0 votes
Andy Ogorzaly, Agent, Chicago, IL
Thu Apr 26, 2012
Yikes, find the closest EXIT! Cash buyers can make a transaction close 1-3 months sooner, which means the seller is avoiding a huge carrying cost. SS's, foreclosures and traditional sellers LOVE cash buyers. Also, YOU the client are the one in charge of the offer price. Your agent can help you select that number, but he/she should never be pushy about it. It's your money, not mine.

An agent on your side should respond to your requests in a timely manner, help you find properties you couldn't find on your own, and should help you come up with an offer based on recent market data and what you feel comfortable with. Plus your agent should be a resource and advocate throughout the entire transaction to make sure you are protected.
0 votes
Michael Vrie…, Agent, Chicago, IL
Thu Feb 9, 2012
Hi Kevin -- Some great answers and advice from others below.

Your cash position is certainly an advantage against financed buyers -- though many non-warrantable condo buildings or distressed homes can only sell to cash-only buyers, so you might be comparing against other identical sales. I try to provide my clients with complete market spreadsheets by property type and financing type to help them evaluate the market they are offering in -- you should ask your agent to generate this. (See Web Reference as an example)

Market leading rebates and extremely high quality service are not impossible to find for Chicago area purchases. I've built a business around it.

Good luck to you, hopefully you've already acquired a great cash purchase!
Web Reference:  http://bit.ly/yHFvGB
0 votes
B, , Greenvale, NY
Sun Feb 5, 2012
First, you need to have confidence in the agent you are working with. Cash is king if you prove that you are able to be a cash buyer. Provide proof of funds. When working with a buyer agent they are supposed to have your best interest in mind. They should provide you with comparable properties to support the full price offers they are recommending. I have had 2 properties sell for above asking for cash recently as the homes were priced at market! That is when you will need to pay cash if you want the property. You are competing with investors in this market so unless you are one also you will be at a disadvantage as to your knowledge of the market value of properties. Find an agent that you trust and feel that will do yo justice. I don't believe in commission rebates. I believe in providing top notch service and information. Good luck.
0 votes
Synthia Noble, Agent, New Lenox, IL
Sat Feb 4, 2012
To answer your question directly - how to find a great buyer's agent. Best way is to ask around and get referrals from people you know and trust. Then ask a few of these agents to meet with you, perhaps over coffee. You can imagine hiring an agent as an interview for hiring an employee. you want to find out their qualifications and find out if you would be a good fit to work together. You can also find agents on websites like Trulia.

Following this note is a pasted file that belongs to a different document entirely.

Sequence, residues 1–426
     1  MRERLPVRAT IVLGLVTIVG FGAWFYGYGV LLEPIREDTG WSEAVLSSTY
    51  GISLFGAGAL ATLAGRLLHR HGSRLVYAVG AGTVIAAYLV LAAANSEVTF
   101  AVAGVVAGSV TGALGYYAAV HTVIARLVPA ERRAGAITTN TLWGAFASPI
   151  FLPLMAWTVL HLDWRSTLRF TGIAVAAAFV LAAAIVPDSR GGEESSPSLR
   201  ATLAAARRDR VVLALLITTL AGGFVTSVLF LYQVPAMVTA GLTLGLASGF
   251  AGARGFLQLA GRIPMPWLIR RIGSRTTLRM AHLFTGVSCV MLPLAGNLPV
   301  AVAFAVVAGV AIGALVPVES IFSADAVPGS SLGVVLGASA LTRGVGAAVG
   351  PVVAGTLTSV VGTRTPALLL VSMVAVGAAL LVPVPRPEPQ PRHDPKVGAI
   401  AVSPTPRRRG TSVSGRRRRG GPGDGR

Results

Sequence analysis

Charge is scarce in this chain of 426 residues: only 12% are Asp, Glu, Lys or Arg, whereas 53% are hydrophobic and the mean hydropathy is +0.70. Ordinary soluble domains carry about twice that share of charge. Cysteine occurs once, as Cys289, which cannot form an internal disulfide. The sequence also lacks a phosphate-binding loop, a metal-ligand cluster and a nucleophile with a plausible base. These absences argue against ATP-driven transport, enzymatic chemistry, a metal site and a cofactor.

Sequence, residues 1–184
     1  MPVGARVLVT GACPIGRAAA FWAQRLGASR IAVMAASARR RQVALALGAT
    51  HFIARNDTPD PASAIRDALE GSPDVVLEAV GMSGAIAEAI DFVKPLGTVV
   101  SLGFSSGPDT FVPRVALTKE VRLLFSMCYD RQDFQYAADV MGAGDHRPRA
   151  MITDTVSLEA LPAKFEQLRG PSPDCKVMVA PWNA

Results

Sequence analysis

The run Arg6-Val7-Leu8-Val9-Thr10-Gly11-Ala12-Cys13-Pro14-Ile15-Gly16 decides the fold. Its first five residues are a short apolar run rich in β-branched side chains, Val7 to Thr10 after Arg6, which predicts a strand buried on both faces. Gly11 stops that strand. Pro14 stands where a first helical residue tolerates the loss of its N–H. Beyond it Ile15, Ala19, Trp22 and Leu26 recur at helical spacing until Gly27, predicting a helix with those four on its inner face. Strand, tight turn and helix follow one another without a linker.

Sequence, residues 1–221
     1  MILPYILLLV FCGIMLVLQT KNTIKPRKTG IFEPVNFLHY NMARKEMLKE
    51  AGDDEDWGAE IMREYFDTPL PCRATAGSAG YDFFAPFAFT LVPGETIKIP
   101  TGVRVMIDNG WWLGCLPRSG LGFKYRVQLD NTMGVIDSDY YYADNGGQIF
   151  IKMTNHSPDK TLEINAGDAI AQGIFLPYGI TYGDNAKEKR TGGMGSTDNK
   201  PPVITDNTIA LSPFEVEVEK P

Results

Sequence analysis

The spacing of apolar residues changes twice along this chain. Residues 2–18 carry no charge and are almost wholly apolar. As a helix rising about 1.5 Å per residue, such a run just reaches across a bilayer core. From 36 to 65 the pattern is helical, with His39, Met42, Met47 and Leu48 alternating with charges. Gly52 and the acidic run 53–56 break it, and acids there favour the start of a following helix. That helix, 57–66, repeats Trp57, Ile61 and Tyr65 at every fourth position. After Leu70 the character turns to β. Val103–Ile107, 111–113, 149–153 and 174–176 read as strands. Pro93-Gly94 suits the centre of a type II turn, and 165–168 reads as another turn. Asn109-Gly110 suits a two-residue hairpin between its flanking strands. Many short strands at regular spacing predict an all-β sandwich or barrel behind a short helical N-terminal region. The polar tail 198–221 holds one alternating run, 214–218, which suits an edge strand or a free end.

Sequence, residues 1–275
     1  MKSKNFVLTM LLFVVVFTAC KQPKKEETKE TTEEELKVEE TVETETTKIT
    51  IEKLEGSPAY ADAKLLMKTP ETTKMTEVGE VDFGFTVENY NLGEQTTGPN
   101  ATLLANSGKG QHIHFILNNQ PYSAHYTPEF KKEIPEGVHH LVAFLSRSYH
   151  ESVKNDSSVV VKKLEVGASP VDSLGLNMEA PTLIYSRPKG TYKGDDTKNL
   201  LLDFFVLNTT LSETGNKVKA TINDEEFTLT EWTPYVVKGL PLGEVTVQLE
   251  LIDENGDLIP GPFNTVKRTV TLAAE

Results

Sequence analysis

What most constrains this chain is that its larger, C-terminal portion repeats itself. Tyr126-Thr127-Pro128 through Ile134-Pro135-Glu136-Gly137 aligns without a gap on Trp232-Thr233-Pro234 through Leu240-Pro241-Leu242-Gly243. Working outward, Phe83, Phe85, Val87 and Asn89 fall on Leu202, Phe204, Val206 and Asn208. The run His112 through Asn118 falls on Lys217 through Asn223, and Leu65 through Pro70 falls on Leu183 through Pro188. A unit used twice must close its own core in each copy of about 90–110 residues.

When talking to prospects, ask the agents about their years of experience, are they full time, do they work mostly with buyers or sellers, do they know the area you want to consider, ask to speak to a few of their clients.

Buying real estate is a huge investment, you want the best team working with you, take time and effort to find the best fit.

FYI, cash buyer's obviously have an advantage, but you do need to provide proof of funds to support any offer. In this market I can't imagine discounting my commission.
0 votes
Stephanie K, Agent, San Antonio, TX
Sat Feb 4, 2012
1. Asking for a verification of funds is not unusual. The sellers will usually want to see it, especially if the listing agent is worth their salt.
2. Offering a buyers rebate doesn't mean the agent is good or bad, nor does it show their level of "seasoning". It just means they are willing to work for less. Agents "give away" money all the time to relocation companies, in the form of referrals from other agents and everbody accepts that as being ok - but offering a rebate is shady. I don't get it, but I don't get the perception that we are next to used car dealers either. I've even known some good used car dealers, but I ramble.

Your best bet is to ask friends and trusted advisors for the names of agents that they have used. Do your own due diligence and ask your agent for their statistics, not only how long they have been in the business, but are they full time? What are their statistics? Do they have any designations or additional training so that they are educated in how to really serve a buyer. What are their policies in working with a buyer? What more will they do for you other than opening the door?

He may or may not have been justified in suggesting that you make a full price offer. That depends on the comps. Sometimes you need to go over asking price. You should be shown the reasoning behind the suggestion.

In the San Antonio market, cash makes a slight difference to everybody in closing costs and possibly a quicker close, but the terms of an offer with 3rd party financing may be superior based on the other terms of the offer.
Your cash is more than trash, but the proof is in the pudding. If you don't give a seller the proof that you are a legitimate buyer with verifiable funds, he may be afraid of your offer.

Good luck! I hope you are able to work this out.
0 votes
My NC Homes…, Agent, Chapel Hill, NC
Sat Feb 4, 2012
Kevin,